Bearden senior ‘Housecat’ Thompson drops third album

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Bearden senior Quemoni "Housecat" Thompson has just released his third album.

Quemoni Thompson is not your everyday rapper. Clad in a button-down shirt and hip shoes, the upcoming artist and BHS senior puts his own spin on hip-hop in his new album, Housecat.

Thompson, who makes chill, jazzy hip-hop under the name Housecat, released his self-titled album earlier this month. It is his third release to date.

The 13-song album features tracks like “4th Life,” “Somewhere in the 70’s,” and “Everything Is Okay” that delve into the artist’s mind. While the music is mainly a mix of jazz and hip-hop, it features some electronic, psychedelic twists.

“I don’t really pick favorite songs,” Thompson said. “I like them all, and they’re all meaningful to me.”

Thompson’s friend and fan, junior Kylen Bailey gives the perfect description of Housecat.

“It sounds a lot like the new underground rap scene, which sounds like this [hip-hop group] called Madvillian,” Bailey said. “It’s got real instruments in the background. Not like synthetic instruments [where] it’s all on a loop. The rap is not very obscene, which I like.”

Thompson, 17, has been interested in music his entire life, but it wasn’t until his sophomore year of high school that he really got serious about it.

The artist has performed one gig at Market Square restaurant/venue Latitude 35 and is eager to perform more often. He wants to pursue music as a career.

Thompson generally makes his own beats from apps like Garage Band, but sometimes producers send him sounds via websites like SoundCloud.

His first album, Vertigo, was released in February of 2013, and Soul CompleX followed in November. These two albums share Housecat’s laid-back, soulful vibe.

Thompson produced part of Housecat by himself but collaborated with friends like senior Aeon Scott, Dream Maker, and JENKEM on many of the songs.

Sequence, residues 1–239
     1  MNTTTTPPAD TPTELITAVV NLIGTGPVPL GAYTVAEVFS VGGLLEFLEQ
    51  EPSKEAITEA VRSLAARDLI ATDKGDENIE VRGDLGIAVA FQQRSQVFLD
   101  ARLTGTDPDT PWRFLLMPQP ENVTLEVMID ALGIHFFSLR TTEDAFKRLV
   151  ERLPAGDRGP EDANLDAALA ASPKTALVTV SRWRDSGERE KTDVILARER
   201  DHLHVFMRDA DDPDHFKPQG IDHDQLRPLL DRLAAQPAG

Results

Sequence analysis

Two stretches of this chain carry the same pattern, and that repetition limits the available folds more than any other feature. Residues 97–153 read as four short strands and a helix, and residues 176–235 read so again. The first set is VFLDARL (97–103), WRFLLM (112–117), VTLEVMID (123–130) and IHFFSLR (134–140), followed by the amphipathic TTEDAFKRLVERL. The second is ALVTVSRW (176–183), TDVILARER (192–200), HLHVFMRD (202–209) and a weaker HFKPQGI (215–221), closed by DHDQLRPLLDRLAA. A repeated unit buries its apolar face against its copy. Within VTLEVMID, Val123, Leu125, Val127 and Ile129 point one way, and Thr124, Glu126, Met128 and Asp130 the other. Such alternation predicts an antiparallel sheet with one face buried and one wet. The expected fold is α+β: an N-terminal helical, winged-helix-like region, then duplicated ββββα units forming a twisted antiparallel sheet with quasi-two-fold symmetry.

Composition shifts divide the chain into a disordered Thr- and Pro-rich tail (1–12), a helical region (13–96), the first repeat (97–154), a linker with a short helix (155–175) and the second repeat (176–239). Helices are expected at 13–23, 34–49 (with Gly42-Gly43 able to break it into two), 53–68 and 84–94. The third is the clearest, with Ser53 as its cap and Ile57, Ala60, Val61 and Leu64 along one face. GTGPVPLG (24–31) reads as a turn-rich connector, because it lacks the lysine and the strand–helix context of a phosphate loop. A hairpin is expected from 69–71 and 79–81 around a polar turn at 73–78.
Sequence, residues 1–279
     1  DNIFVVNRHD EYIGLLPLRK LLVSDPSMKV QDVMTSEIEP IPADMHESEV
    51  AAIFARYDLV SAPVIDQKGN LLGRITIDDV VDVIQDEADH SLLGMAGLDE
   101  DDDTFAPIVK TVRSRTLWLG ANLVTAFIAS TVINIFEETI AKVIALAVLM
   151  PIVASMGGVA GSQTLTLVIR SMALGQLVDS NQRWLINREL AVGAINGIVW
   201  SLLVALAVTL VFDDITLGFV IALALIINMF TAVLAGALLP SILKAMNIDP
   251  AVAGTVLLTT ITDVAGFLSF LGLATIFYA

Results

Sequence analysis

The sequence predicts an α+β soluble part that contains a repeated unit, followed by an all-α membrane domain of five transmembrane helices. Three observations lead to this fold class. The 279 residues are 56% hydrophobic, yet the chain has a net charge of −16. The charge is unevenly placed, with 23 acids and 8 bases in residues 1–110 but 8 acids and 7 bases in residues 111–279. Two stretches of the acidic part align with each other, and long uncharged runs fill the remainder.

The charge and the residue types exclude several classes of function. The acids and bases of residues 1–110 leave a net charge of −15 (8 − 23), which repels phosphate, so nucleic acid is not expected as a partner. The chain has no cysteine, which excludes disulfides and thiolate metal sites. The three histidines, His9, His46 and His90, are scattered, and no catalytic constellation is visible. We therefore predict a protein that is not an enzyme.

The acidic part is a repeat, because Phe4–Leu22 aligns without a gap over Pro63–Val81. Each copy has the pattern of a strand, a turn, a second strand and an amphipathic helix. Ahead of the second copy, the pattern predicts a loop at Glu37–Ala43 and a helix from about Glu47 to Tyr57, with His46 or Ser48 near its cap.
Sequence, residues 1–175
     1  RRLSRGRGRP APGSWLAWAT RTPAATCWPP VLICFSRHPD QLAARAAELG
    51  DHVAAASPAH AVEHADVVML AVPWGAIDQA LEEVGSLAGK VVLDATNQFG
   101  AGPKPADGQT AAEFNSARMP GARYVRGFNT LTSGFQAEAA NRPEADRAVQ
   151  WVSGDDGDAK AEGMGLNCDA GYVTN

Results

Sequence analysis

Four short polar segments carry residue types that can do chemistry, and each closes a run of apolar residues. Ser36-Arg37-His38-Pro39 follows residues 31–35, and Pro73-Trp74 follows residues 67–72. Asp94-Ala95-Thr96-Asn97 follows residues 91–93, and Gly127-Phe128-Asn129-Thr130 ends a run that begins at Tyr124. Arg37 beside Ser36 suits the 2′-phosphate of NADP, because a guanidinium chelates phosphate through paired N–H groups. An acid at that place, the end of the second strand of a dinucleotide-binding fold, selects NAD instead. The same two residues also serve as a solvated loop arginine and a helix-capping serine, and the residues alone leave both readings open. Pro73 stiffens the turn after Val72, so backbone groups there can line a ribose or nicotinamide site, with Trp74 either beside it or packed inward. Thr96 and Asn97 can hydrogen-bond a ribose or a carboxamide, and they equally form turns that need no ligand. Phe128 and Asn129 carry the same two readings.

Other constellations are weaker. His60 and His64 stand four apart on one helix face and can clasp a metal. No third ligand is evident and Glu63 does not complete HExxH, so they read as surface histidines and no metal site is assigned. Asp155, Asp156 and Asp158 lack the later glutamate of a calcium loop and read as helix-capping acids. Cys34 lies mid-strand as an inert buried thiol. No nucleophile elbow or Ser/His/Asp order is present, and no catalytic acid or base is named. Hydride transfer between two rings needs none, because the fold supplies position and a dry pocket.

He and Scott co-produced 4 songs – “Housecat”, “On & On”, “Creating”, and “Tensors Interlude.” He says the two often sit down at Scott’s piano and play around until they find something they like. Then they repeat it, record it, and add some other twists.

Scott’s favorite song on the album is “Early Morning”, which Thompson made by himself.

“I’m really happy with [the album],” Scott said. “I honestly thought I would only like the tracks that I made or that he and I made or that he made, but I like all of the tracks. The ones that we made together I can listen to over and over.”

Scott and Thompson have been friends since 6th grade, and Scott has been playing his own music for about that long.

Some of Thompson’s inspirations include books, movies, and other artists.

“Gil Scott Heron, and a lot of old jazz musicians like Thelonius Monk and John Coltrane are big inspirations,” Thompson said.

He is also heavily influenced by spirituality. The stage name Housecat comes from Thompson’s belief in reincarnation.

“I feel like I was maybe a housecat in a past life,” Thompson said.

The rapper has acquired a following from people at school and others who enjoy his mellow tunes.

“I think it’s admirable that he’s actually doing something with his talent,” Bailey said.

A fourth album is currently in the works, but it is in the early stages of development, so Thompson is not sure when it will be released. He is also working on a few jazz albums with a band he put together called The Nine Life Theory, another allusion to feline reincarnation.

Thompson sells and streams his music predominantly through Bandcamp. All three of his albums can be downloaded at thelo-que.bandcamp.com for $5 or $1 per song or streamed for free. He is also selling physical copies of Housecat around school.